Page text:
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VOL. 38 | NO. 50 | Friday, December 12, 2014

Titans’ on-, off-field decisions defy imagination

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New England Patriots linebacker Akeem Ayers, who started the season as the Titans’ second-best player and was later traded, recently tweeted “the grass is in fact greener on the other side.”

-- Ap Photo/Greg Trott

When the Tennessee Titans hired Ken Whisenhunt in January, it brought a breath of fresh air to an organization that sorely needed a change.

But it hasn’t taken long for that breath of fresh air to quickly become stale and toxic.

The day Whisenhunt was introduced was also the last time that new team president and CEO Tommy Smith fielded questions from the full contingent of the Nashville media about the hire and the team.

With Sunday’s 36-7 debacle against the lowly New York Giants just the latest example of just how far this franchise has fallen, it’s time someone provided some answers.

The Giants had come to LP Field losers of seven in a row, and the Titans didn’t even bother to put up a fight for the few fans who cared enough to show up.

And if you think that’s bad, wait till you see how few bother to see the Geno Smith-led Jets stroll into town this week in a battle of 2-11 “contenders” for the first pick in the 2015 draft.

Despite their problems, the Giants at least had a little remaining star power in Eli Manning and rookie receiver sensation Odell Beckham Jr.

Something tells me Sunday’s visit by the Jets, complete with the return of Chris Johnson to Nashville, won’t exactly produce a packed house.

What’s worse is there seems to be no real cause for future optimism – other than having a high draft pick for 2015, perhaps even the first overall choice.

Head-scratching moves abound.

Whisenhunt said, when was hired, he wanted a team that would be versatile on offense, able to attack with the run or the pass, and seemingly one that could adjust to what an opponent’s plan of attack might be.

All we saw this past Sunday was one of the few bright spots – rookie quarterback Zach Mettenberger – take shot after shot until he finally succumbed to a potential season-ending shoulder injury.

That was in large part because he was playing behind a patchwork offensive line that has been a sieve for the past two weeks. The Titans’ quarterbacks absorbed eight sacks on Sunday.

Monday’s excuse from Whisenhunt? “We threw the ball too much.”

So much for versatility. The Titans dropped back to pass 45 times on Sunday (35 passes, eight sacks, two scrambles) and ran the football 12 times.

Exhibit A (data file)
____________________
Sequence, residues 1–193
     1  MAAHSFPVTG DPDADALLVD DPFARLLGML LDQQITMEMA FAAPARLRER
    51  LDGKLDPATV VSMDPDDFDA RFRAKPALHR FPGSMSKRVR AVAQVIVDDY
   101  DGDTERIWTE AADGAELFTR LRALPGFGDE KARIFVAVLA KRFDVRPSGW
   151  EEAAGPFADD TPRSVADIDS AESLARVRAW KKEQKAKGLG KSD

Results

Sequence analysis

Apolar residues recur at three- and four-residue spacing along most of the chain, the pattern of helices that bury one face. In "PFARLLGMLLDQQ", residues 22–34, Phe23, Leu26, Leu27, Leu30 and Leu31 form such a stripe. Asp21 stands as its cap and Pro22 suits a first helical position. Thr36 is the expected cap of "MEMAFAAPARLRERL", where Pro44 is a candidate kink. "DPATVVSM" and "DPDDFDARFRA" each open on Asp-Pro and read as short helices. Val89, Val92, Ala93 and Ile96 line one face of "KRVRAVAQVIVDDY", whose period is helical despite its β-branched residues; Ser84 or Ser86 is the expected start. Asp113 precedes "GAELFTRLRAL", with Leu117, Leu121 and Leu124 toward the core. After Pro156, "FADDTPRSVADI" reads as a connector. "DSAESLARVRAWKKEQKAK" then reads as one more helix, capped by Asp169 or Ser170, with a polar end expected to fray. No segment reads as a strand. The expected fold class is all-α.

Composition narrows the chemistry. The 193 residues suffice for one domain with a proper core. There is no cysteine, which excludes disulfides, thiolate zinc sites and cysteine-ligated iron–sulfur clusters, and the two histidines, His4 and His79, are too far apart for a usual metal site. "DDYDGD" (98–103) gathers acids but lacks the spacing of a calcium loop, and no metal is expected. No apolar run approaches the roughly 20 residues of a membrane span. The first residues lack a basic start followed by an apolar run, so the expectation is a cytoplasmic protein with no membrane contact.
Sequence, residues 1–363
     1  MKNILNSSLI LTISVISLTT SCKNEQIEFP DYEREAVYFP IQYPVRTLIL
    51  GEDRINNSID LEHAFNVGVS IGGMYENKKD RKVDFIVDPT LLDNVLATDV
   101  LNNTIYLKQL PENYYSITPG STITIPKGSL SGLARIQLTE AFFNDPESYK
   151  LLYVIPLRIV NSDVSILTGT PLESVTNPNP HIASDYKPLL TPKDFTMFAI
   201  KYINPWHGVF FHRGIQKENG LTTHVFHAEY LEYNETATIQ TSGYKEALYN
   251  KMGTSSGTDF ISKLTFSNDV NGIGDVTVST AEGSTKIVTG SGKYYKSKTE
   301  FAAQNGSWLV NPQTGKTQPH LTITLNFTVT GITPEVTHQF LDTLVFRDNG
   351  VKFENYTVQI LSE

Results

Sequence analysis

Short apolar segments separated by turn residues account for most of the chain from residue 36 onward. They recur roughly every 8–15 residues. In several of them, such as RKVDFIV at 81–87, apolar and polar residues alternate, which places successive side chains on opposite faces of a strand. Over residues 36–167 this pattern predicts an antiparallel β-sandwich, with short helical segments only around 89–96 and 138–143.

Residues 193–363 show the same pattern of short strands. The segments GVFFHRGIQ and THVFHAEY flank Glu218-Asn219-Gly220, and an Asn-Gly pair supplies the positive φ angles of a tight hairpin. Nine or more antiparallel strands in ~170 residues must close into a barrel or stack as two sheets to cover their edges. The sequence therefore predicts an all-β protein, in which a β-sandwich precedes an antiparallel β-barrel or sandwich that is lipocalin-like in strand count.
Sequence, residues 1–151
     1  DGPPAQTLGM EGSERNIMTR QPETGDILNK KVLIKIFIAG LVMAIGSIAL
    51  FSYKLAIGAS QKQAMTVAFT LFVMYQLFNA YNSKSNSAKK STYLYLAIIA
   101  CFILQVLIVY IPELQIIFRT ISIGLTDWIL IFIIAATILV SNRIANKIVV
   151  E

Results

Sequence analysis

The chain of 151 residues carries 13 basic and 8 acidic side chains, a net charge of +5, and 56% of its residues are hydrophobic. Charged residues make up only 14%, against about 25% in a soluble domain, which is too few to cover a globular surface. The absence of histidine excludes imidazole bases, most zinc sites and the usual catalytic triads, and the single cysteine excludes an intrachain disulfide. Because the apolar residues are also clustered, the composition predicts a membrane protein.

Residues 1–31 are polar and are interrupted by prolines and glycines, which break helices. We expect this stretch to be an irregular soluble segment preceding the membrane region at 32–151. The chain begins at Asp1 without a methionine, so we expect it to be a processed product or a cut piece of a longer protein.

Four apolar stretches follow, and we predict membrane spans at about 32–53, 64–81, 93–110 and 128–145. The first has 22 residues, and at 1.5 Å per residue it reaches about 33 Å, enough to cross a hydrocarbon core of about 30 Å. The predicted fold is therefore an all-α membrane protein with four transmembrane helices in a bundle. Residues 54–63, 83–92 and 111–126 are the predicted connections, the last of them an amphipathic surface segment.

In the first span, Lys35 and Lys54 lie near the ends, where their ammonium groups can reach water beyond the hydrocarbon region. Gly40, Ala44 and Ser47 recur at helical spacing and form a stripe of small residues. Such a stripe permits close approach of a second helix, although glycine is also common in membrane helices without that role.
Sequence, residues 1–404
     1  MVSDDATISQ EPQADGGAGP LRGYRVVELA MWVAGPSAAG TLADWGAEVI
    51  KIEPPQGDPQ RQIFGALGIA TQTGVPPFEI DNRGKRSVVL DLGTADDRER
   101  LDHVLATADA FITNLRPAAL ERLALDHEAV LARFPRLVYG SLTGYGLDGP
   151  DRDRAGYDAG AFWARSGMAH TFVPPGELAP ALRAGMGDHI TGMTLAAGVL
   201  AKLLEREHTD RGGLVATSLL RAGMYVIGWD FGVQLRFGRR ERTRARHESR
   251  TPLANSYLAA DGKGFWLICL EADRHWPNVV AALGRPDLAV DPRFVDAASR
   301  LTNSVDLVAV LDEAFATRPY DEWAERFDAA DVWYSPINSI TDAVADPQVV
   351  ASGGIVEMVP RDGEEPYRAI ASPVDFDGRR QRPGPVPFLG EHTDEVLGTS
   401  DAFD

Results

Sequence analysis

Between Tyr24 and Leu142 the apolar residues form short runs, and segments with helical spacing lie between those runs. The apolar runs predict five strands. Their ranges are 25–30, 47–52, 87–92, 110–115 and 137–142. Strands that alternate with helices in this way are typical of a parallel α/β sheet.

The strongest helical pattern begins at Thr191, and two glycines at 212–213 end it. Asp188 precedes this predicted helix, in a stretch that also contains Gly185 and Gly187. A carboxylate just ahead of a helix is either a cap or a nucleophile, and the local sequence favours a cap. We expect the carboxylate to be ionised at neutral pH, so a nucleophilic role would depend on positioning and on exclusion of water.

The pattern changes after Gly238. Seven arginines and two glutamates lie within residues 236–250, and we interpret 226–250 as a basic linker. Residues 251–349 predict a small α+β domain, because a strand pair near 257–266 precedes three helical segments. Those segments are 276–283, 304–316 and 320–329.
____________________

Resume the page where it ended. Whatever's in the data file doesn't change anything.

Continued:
And the defense is no better. Coordinator Ray Horton said at the start of the season that it would probably take eight weeks for his unit to show what it was really going to be.

Now we know. It’s a group that is old and slow and misses a lot of tackles and assignments.

The defense’s most talented player – Jurrell Casey – has been swallowed this year because the Titans have so few playmakers around him.

Their second-best player, Akeem Ayers, now plays in New England after the Titans gave away.

Ayers, who inexplicably couldn’t find his way onto the field here, has provided an upgrade for the Patriots and might even be wearing a Super Bowl ring at the end of the season.

Meanwhile, the Titans languish at the bottom searching for answers.

And the reason they remain at the bottom really starts at the top, where absentee owner Smith spouts off a few lines here and there in the newspaper or on the team’s flagship radio station, saying he expects this to be fixed and has confidence that Whisenhunt and Ruston Webster are the people to do it.

All the while, Smith has shown himself so disinterested in the team’s dwindling fan base that he has not made one appearance before the Nashville media at large since that day he gave Whisenhunt the keys to the franchise 11 months ago.

Like it or not, the media is the conduit for the fans to the team, and Smith owes them some explanations and answers as to why the Titans are where they are.

His lack of interest in doing so tells me that if Tommy Smith doesn’t care enough to answer the concerns of the fans, then why should the fans care enough to be interested in his flat-lined franchise?

Terry McCormick covers the Titans for TitanInsider.com and is a blogger for 247 Sports NFL Insider.

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